Preventive measures

The best way to prevent burnout is to recognize when risk factors like the ones listed above occur and work to change or avoid them. While it’s not always possible to avoid triggers entirely — people sometimes have to stay in jobs they’re not suited for because they need the money, or they may not be able to stop doing a certain project, such as raising a child — there are usually a few ways to change the situation.

For example, an at-risk stay-at-home mom or dad might try setting more boundaries, such as asking their spouse to help with some parts of the household; or she may be looking for a support network among people in a similar situation. A work-stressed person might discuss change plans with the boss or ask about expectations for her position.

Ensuring that physical, mental and emotional needs are met is another important part of preventing this condition. Ways to do this include:

Incorporate the activity into your day. Even a ten minute walk can help things.
Eat properly and get enough nutrition.
Getting enough sleep: This varies from person to person, so it’s important to experiment to find out what’s needed. It’s also important to recognize things that interrupt sleep, like watching TV before bed or keeping your cell phone on at night.
Incorporating periods of relaxation into the day. It could be a few minutes of meditation in the morning, a nap after lunch, or an hour of reading before bed.

As with many conditions, burnout is easier to overcome the sooner it is recognized. Having a network of people who care about your well-being is an important aspect of this, since depleted people may not be able to notice symptoms in themselves until they become severe.

While serious, burnout is definitely a treatable condition. There are both drug-based and alternative treatments, one of which may be more or less appropriate depending on the cause, and which can also be used together. In some cases, a person may need a complete job or lifestyle change to recover.

The most important part of treating burnout is acknowledging it and talking to someone about it. It’s important to schedule a visit with a doctor, as they may be able to shed some light on issues that may be contributing to the condition, but depleted people may also consider talking to a counselor, religious adviser, or even just someone who can empathize.

A doctor can prescribe medications to treat burnout symptoms, including:

Sedatives or sleeping pills.
Medication to help with any digestive problems.
Other medications to address the associated physical problems.

There are also many non-drug-based treatments, including:

Counseling or therapy.
Journaling: It can help people better understand their needs and spark ideas on how to meet them.
Stress Management Techniques: Some people find it helpful to perform a SWOT (strengths, weaknesses, opportunities, and threats) analysis of their situation and goals.

While these types of treatments can help with burnout symptoms, it’s usually impossible to truly treat it if the situation or internal factors remain unchanged. Some people find that they have to quit their jobs altogether, take long-term leave, or negotiate with their boss to change things about their workplace or their schedules.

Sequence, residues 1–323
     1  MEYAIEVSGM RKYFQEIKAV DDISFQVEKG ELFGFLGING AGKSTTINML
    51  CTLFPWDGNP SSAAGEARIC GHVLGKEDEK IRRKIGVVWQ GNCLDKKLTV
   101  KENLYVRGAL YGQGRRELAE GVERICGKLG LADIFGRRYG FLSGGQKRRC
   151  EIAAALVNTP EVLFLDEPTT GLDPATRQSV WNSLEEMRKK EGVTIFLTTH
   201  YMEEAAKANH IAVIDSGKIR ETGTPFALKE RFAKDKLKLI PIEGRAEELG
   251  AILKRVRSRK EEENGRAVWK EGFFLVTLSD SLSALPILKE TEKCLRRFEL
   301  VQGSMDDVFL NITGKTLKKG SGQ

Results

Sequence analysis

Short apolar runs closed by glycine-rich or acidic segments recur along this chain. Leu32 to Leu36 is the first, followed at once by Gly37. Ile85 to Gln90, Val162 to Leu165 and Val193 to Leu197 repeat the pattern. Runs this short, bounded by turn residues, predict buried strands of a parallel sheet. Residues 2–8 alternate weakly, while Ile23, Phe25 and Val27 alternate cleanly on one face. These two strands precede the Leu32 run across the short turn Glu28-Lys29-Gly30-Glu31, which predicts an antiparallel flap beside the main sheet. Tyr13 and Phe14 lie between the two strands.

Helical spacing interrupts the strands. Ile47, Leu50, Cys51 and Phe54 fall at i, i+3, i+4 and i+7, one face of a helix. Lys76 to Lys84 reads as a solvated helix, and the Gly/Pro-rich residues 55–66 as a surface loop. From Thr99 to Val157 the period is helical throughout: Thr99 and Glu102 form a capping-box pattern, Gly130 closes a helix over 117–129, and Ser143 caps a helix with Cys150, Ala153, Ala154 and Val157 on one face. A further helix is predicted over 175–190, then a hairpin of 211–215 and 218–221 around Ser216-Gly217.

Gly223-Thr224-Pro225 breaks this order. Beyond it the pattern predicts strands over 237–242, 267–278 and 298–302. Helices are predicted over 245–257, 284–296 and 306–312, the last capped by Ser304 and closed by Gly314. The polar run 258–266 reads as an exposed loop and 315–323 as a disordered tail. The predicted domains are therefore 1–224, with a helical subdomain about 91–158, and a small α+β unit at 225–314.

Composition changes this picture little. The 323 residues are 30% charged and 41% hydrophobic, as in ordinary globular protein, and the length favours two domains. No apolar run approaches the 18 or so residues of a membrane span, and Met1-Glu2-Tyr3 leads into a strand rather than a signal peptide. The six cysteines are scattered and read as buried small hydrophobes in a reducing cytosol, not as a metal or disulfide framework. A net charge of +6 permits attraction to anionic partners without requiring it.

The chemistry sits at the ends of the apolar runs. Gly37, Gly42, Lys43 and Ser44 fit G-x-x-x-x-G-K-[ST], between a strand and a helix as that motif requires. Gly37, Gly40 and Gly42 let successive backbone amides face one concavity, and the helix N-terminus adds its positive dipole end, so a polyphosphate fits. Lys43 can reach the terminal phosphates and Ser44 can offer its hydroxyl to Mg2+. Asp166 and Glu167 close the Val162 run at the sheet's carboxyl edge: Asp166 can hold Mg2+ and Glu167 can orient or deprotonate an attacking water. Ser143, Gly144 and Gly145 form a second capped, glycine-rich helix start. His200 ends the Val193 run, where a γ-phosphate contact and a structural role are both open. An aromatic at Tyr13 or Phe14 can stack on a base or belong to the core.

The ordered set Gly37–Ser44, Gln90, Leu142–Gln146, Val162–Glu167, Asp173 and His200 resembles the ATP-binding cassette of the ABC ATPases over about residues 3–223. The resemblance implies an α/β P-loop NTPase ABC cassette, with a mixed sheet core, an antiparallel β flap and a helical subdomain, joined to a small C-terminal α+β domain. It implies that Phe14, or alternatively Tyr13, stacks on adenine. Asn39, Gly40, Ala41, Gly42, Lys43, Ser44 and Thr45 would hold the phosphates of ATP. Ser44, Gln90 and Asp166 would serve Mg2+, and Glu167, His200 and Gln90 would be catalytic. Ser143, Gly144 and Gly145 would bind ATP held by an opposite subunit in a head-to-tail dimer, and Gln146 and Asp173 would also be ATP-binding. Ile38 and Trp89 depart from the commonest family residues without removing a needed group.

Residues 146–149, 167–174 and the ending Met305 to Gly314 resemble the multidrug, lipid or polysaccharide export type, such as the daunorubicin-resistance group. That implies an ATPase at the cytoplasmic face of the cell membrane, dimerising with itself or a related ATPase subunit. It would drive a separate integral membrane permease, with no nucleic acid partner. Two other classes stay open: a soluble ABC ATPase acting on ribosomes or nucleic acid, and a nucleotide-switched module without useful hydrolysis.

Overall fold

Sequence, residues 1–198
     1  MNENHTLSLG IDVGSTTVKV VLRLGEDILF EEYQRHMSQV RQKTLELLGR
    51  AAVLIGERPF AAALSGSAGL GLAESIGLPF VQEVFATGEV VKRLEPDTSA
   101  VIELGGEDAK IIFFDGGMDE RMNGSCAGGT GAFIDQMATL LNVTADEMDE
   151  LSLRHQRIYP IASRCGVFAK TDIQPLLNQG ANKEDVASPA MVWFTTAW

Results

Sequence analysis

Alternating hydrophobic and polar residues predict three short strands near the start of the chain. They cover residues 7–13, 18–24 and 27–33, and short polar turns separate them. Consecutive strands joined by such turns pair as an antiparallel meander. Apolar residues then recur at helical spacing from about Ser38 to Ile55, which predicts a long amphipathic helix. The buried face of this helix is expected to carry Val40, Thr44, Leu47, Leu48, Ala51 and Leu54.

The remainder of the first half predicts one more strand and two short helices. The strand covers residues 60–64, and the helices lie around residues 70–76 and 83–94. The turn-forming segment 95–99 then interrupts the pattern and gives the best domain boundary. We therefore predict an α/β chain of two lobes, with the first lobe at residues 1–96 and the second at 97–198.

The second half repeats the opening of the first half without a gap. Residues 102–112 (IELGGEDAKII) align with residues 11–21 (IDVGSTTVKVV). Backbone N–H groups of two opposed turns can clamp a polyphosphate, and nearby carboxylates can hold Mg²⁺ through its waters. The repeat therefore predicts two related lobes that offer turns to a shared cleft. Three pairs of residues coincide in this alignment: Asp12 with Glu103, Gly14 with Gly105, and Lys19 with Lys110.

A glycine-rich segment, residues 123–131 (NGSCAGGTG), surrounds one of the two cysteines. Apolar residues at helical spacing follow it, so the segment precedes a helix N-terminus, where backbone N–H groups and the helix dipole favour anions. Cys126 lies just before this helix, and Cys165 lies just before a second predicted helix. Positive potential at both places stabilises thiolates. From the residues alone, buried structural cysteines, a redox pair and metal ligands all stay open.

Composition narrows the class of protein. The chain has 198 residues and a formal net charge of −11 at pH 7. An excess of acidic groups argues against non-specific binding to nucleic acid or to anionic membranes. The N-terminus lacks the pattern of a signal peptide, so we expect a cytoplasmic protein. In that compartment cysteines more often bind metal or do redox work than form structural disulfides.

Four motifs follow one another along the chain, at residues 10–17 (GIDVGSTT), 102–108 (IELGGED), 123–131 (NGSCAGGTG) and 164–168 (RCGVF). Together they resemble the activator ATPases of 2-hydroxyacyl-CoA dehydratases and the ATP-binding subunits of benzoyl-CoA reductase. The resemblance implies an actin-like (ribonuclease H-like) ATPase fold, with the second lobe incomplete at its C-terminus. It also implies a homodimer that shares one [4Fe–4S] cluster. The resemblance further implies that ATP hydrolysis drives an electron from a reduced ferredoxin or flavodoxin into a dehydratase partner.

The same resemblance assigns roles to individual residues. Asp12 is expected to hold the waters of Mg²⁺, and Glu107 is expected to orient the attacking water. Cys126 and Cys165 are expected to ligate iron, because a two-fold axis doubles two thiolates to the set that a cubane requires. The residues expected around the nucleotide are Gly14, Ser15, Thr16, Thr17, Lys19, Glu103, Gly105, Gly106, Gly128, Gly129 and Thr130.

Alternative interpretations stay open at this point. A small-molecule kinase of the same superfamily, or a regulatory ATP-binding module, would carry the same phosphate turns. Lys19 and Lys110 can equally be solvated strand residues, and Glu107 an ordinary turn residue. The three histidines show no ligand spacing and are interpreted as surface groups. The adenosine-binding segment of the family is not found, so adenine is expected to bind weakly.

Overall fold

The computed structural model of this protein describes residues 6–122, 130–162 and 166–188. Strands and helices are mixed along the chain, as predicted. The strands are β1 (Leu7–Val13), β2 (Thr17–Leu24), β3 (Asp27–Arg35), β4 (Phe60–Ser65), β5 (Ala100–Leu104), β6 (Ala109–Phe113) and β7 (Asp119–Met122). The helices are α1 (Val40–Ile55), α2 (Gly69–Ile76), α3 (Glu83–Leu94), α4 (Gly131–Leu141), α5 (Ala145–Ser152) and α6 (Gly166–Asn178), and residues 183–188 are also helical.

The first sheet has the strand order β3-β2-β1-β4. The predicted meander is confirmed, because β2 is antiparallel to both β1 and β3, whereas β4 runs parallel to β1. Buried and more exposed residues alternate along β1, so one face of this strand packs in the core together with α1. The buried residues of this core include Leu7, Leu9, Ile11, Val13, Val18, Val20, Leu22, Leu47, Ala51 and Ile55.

If burnout is left untreated or not addressed, it tends to become increasingly severe and can cause long-term physical, mental and emotional damage. Physically, it can increase a person’s chances of heart problems, strokes, digestive disorders, fertility problems, diabetes, weight gain, teeth grinding, and bone and muscle problems, among other things.

Mentally and emotionally, long-term burnout can lead to depression and anxiety, forgetfulness, nightmares, mental breakdowns, and the risk of suicide. In some cases, this condition has actually led to people dying from overwork or committing suicide. This is particularly evident in Japan, where the phenomenon of karoshi, or death from overwork, is considered a social problem and is addressed by various government and corporate programs.

This condition also has an indirect effect on others and can be dangerous in those in jobs where others rely on them, such as medicine. An exhausted employee is far more likely to make careless mistakes and mistakes than one who is focused on their work, which can be extremely dangerous in medical, social and educational settings. For example, an exhausted doctor is much more likely to miss a symptom or make a mistake in a prescription, or an exhausted teacher may not notice when a child is showing signs of abuse.

Additional Resources:
Siti internet:
www.mindgarden.com — Information on the Maslach Burnout Inventory (MBI), a leading clinical resource on burnout.

www.helpguide.org — A comprehensive site covering the causes, effects, triggers, and treatments for burnout.

www.cdrcp.com — A physician-written resource on burnout with additional links.

www.lifeevolver.com — Information on burnout prevention.

www.mindtools.com — Information on the causes of burnout and treatment for burnout and work stress.

www.apa.org — The American Psychological Association’s website on building resilience, which can help prevent burnout.

Video Resources:
Video 1 — Un video quiz sul burnout.

Video 2 — A short video on the physical effects of work-related stress.

Video 3
— An interview on the signs of work stress and how to deal with it.